Loyola University Chicago School of Law, JD 2020
Data privacy and more specifically, user privacy, has become the focus for many in the past year. Some may say that the European Union began this “trend” with the implementation of the General Data Protection Regulation (GDPR) with California soon following in their footsteps with the California Consumer Privacy Act (CCPA). However, seemingly more silently in New York, The Stop Hacks and Improve Electronic Data Security, or SHIELD Act has also been created in the interest of the protection of personal information. The SHIELD Act was enacted on July 25, 2019 as an amendment to the General Business Law and the State Technology Law to include breach notification requirements and stronger rules in place to enforce against businesses handling personal information. The SHIELD Act recently went into effect on March 21, 2020.
The SHIELD Act—Who Does It Apply To?
The SHIELD Act, in short, requires certain businesses or individuals that own the data of a New York resident to protect their private information. More specifically, the SHIELD Act applies to “[a]ny person or business that owns or licenses computerized data which includes private information of a resident of New York”. Of note is that small business, defined as “any person or business with (i) fewer than 50 employees; (ii) less than three million dollars in gross annual revenue in each of the last three fiscal years; or (iii) less than five million dollars in year-end total assets, calculated in accordance with generally accepted accounting principles,” its data security program will be likely deemed compliant as long as the small business has reasonable administrative, technical, and physical safeguards appropriate for its size and nature of its business. Additionally, a business may be deemed to be compliant with the SHIELD Act if it is subject to and compliant with “(i) regulations promulgated pursuant to Title V of the federal Gramm-Leach-Bliley Act; (ii) regulations implementing the Health Insurance Portability and Accountability Act of 1996 and the Health Information Technology for Economic and Clinical Health Act; (iii) the 23 NYCRR 500 cybersecurity regulations; or (iv) ‘any other data security rules and regulations of, and the statutes administered by, any official department, division, commission or agency of the federal or New York state government…’”.
Private Information, Defined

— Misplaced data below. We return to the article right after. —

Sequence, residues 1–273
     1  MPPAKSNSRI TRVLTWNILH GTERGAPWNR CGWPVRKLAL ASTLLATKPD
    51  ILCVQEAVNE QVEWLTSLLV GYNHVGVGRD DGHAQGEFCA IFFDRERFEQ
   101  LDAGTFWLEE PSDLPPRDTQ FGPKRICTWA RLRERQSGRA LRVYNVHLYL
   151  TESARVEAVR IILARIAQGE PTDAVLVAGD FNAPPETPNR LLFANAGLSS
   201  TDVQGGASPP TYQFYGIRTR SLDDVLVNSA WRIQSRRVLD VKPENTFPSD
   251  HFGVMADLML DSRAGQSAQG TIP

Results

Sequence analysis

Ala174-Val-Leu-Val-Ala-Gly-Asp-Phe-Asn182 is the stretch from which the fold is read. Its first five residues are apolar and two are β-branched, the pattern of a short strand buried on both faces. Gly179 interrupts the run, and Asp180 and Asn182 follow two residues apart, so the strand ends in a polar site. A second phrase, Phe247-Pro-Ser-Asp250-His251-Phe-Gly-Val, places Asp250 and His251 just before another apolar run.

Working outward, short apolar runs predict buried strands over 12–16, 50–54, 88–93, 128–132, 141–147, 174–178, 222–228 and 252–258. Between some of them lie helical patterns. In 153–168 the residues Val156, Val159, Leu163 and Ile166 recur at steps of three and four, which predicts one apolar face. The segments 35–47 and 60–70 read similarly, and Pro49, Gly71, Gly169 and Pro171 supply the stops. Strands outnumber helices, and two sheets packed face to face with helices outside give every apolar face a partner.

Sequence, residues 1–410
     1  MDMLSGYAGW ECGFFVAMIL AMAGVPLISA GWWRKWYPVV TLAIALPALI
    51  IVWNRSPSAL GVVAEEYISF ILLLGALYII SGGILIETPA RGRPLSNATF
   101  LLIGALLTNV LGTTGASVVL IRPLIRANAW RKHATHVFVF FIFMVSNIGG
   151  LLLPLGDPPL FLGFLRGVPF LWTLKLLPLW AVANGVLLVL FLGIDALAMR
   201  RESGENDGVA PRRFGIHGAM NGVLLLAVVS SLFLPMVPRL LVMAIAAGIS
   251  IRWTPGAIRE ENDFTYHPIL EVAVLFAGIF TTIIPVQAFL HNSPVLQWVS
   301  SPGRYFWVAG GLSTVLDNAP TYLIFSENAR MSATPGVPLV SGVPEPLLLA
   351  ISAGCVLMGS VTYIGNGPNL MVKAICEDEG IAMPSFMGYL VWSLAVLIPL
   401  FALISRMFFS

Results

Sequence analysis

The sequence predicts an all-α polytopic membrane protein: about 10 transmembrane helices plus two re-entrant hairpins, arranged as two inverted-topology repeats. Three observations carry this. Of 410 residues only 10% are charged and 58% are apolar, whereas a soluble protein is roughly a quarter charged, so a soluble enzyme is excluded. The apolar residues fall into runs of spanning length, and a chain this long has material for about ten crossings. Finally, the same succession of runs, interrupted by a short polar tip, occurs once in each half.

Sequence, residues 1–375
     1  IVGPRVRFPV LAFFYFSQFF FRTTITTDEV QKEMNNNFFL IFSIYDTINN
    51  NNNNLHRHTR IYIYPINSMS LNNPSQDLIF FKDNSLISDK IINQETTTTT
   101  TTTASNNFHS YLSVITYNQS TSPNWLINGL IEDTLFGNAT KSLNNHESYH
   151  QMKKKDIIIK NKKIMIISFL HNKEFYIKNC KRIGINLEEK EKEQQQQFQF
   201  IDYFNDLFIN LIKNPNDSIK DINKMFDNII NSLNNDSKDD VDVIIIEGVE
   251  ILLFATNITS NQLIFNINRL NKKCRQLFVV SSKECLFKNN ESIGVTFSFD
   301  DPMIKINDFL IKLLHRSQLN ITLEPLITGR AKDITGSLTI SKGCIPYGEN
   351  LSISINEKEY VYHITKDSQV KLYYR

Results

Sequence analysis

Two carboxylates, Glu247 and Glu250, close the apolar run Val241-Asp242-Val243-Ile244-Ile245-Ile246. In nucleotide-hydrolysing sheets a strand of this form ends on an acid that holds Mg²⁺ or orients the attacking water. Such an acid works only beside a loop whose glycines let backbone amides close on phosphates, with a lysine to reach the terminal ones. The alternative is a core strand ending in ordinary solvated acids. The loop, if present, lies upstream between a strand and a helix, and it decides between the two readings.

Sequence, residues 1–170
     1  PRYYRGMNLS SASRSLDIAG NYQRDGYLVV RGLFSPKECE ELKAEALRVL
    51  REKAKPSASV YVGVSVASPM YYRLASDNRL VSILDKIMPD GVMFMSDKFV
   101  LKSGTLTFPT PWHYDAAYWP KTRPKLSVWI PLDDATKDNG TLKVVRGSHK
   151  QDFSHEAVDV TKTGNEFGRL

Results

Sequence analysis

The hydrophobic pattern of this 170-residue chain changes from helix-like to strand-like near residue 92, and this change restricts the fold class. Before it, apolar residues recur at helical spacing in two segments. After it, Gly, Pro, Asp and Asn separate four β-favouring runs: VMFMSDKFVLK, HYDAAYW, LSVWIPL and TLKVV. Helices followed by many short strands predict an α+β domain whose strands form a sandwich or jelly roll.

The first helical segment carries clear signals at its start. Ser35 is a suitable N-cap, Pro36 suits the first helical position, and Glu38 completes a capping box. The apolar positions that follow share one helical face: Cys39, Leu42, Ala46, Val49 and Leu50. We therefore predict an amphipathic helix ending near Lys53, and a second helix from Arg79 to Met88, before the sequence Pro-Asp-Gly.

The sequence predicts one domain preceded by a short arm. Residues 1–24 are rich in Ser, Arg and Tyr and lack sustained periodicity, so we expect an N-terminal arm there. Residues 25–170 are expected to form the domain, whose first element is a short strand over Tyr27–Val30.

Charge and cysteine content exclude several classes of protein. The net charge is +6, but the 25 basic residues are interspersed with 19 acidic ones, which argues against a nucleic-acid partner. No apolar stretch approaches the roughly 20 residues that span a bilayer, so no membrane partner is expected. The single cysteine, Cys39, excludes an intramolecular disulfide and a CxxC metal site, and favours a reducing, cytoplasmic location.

We have heard many variations of what “private information” means—whether it be in the context of the GDPR, CCPA, or otherwise. With the SHIELD Act, “private information” entails: (1) information that would permit access to one’s account (e.g. username and passwords or email addresses and security question answers) or (2) a combination of personal information (e.g. name) with a non-encrypted data element (e.g. social security number, driver’s license number, credit card number, biometric information, etc.). This is not an exhaustive explanation, so please refer to the SHIELD Act to determine what data is included under “private information”.
SHIELD Act Basics
The SHIELD Act covers a variety of safeguards, some of which include the following. First, reasonable technical safeguards that allow one to asses risks in software design, information processing and storage, detect and prevent system attacks, as well as test and monitor the effectiveness of certain procedures. Second, reasonable physical safeguards that include the assessment of risks surrounding information storage and deletion, detection and prevention of intrusions, protections against unauthorized access, and disposal of private information within a reasonable time. Third, the SHIELD Act looks to reasonable administrative safeguards that include choosing certain employees to coordinate a security program, identifying risks, training employees to ensure competency of the security program, and constantly amending the security program to ensure maximum protection.
COVID-19’s Implications on Privacy
It is hard to view anything without the light of COVID-19 in these times—so what does COVID-19 mean for the SHIELD Act? New York, as of this article, has been hit worse than any other state by the pandemic, accordingly, data privacy—while important—is not at the forefront of most people’s minds. However, experts in the field have stated that now, more than ever, is it important to ensure companies are thinking about privacy and security compliance. There is no news as of this article that states the SHIELD Act will not proceed as planned, but rather experts are hoping companies take this time to ensure that their businesses are compliant with not only the SHIELD Act, but with any applicable data privacy law.
As more and more people work remotely, access cloud storage, and rely upon public Wi-Fi networks, it is critical to secure personal information. And if the concern of privacy is not enough incentive for a business to feel compelled to comply with the SHIELD Act, violations are seen as deceptive acts or practices and are subject to be enforced and ultimately could result in a fine of up to $5,000 per violation.